For decades prior to white settlement in Natal, there was an indigenous variety of sugar cane which grew wild and was known to the Zulus as imphe. It was chewable and sweet, but its sugar content wasn't found by settlers to be high enough to make its cultivation commercially viable. There was also umoba, an imported strain of true sugarcane: in 1837 the traveller Nathaniel Isaacs mentions both these plants. In 1858, Michael Jeffels, a planter and miller at Isipingo, stated that to his certain knowledge sugarcane was growing in the area of the Isipingo River at the time of Shaka's war with Faku in 1828.
Morewood, regarded as the founding father of the sugar industry in Natal, made a very early visit to this area in 1833, before spending time in Australia, New Zealand and Mauritius. He returned to Natal in 1838, after the Battle of Blood River, when British military forces had been temporarily withdrawn and the flag of the Voortrekker Republic of Natalia had been hoisted at the port. Morewood was on good terms with the Voortrekkers and was one of the men chosen to visit the Zulu King, Mpande, in the hopes of making a peace treaty. In 1840 Morewood was appointed Harbour Master and Commissioner of Customs under the Republican government, and it was in this capacity that he became involved in the events of 1842 when the vessels Conch and Southampton brought reinforcements to assist in raising the siege of a British force at what is now the Old Fort, Durban. William Bell, Captain of the Conch, remarked that Morewood, on being rowed out to the schooner, accompanied by the Voortrekkers' Military Secretary, was astonished to find the Conch's lower deck bristling with grenadiers 'as thick as bees'. According to Bell's Narrative, Morewood 'had sufficient power of speech left to say he was a friend of the English, but at the same time I could see that he was much embarrassed by the position he had placed himself in ...' and it truly was a difficult situation for an Englishman in the employ of the Trekkers.
|Morewood's farm, Compensation, in 1852|
In November 1847 the first plant cane was brought to Natal from Mauritius on the Sarah Bell, by the Milner brothers. It's thought that this cane, or a portion of it, was imported for Morewood. He began planting towards the end of 1847 or early in 1848. At that time he was employed as manager of the Natal Cotton Company on the Umhloti River, but he resigned his position in July 1849 to focus on growing sugar on his property, Compensation.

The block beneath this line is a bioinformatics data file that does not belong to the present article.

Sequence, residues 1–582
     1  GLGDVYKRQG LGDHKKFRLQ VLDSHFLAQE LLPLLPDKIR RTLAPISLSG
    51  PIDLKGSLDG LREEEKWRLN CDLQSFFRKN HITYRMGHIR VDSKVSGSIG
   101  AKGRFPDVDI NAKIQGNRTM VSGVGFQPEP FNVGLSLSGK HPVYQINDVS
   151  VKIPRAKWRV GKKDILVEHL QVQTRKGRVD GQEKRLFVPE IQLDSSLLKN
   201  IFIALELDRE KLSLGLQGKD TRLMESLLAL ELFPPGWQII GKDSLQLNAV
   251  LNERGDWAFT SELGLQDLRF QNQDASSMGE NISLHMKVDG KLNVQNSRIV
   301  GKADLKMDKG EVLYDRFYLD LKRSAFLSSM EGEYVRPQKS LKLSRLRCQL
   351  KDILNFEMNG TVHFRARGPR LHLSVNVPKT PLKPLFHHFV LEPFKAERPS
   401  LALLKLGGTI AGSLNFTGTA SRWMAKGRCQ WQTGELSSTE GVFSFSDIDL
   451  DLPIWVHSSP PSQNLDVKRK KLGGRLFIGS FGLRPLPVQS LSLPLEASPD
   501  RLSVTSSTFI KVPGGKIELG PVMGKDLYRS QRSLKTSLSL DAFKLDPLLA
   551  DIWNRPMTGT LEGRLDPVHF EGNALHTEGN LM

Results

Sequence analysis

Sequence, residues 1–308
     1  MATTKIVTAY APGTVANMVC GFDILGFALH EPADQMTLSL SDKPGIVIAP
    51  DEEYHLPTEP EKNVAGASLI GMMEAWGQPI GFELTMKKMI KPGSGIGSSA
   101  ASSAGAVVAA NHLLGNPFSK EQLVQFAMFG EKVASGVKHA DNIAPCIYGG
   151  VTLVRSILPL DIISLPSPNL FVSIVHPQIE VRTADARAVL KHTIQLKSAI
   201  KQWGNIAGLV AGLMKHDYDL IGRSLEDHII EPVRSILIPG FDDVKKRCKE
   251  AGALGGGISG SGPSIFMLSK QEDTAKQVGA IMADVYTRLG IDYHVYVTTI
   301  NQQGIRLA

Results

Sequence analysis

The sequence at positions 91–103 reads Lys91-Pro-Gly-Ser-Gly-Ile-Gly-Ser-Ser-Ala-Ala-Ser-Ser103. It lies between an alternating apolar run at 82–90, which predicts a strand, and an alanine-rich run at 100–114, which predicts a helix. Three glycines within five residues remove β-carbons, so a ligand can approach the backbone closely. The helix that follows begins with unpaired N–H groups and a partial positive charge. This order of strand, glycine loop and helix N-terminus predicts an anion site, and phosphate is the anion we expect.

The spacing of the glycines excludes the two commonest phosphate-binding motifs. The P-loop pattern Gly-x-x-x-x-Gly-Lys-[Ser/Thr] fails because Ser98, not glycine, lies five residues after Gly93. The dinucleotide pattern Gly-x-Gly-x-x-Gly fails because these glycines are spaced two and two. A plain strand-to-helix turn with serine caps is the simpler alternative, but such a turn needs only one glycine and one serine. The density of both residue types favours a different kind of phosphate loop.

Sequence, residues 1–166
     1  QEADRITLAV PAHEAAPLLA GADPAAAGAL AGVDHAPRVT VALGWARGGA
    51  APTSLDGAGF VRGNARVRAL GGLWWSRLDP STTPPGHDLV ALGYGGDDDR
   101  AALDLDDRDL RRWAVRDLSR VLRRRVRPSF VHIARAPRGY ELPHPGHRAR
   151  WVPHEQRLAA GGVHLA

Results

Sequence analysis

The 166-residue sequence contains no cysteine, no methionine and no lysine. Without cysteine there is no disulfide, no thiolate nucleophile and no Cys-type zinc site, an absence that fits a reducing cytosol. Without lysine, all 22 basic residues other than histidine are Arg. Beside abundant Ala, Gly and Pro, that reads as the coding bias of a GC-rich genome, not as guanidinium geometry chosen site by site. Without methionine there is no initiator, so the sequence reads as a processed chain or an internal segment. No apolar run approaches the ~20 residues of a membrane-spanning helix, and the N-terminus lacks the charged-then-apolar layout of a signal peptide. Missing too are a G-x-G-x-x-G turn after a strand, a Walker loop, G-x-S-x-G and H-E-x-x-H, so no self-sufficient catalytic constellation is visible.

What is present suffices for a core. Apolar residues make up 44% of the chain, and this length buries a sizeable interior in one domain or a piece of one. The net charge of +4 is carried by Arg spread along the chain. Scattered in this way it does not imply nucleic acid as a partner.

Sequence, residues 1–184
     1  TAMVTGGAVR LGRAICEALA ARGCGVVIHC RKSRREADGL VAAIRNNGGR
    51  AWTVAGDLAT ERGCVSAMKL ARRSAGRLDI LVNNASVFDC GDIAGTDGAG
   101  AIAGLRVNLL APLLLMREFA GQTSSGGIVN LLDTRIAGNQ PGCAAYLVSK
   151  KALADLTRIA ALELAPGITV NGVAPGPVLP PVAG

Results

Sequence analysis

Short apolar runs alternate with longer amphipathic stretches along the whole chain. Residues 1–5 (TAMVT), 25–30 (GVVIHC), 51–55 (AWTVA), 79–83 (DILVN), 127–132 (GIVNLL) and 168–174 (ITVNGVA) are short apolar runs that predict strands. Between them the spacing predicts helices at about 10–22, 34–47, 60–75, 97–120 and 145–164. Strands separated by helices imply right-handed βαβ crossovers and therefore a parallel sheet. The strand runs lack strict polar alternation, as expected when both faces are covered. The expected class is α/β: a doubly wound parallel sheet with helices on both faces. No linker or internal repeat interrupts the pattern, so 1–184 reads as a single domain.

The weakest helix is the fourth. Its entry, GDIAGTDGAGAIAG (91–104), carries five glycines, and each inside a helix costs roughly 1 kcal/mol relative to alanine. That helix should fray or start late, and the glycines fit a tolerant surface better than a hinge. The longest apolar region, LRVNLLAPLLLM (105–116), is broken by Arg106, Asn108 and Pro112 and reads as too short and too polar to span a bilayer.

According to John Robinson's Notes on Natal written in 1870:
... before 1850 agriculture in this colony was confined to the growth of a little wheat by the Boers, and of a fair quantity of maize by the natives. Cotton culture ... had been attempted at New Germany (by the Bergtheil Settlers) ... a few coffee bushes were bearing berries in the garden of a private householder of Durban, and a small patch of sugarcane was being planted by Mr Morewood at Compensation.' Arrowroot (to a value of £31) was the first agricultural product to be exported from Natal, in 1853, but the following year the export record showed a new export - Sugar, £2.
It was a small beginning, but of great significance. After that date, sugar was exported every year in increasing quantities, and, as Morewood had predicted, it became the 'staple article of Natal'.
A young man named George Lamond who arrived in Durban in June 1850 on the Byrne ship Unicorn, joined Morewood at Compensation and later wrote that he found the estate under the management of 'a surveyor named George Jackson, with some half-a-dozen ploughmen (plus native labour). We had six acres under cane ... When I left in 1854 we had more than 100 acres of cane ready for crushing. In 1851 I helped to make and eat the first sugar manufactured in Natal ... The ploughmen were Randal, South, Coward, Dykes and an apprentice named Moore, son of a Gloucester parson, and a grand old Dutch gardener named van Versfeld'. Late in 1850, Morewood constructed a simple mill, which would be used to crush his first cane crop.
Morewood, a man of apparently boundless energy, was also involved in immigration as agent in Natal for the Justina, which arrived in November 1850 under a private scheme arranged by George Murdoch and Capt Richard Pelly. Among the passengers were Thomas and Lewis Reynolds who would become leading figures in the sugar industry. The ship also brought £5 000 worth of merchandise for sale in South Africa: this venture had been arranged by Morewood's brother, J.J. Morewood, then residing in London.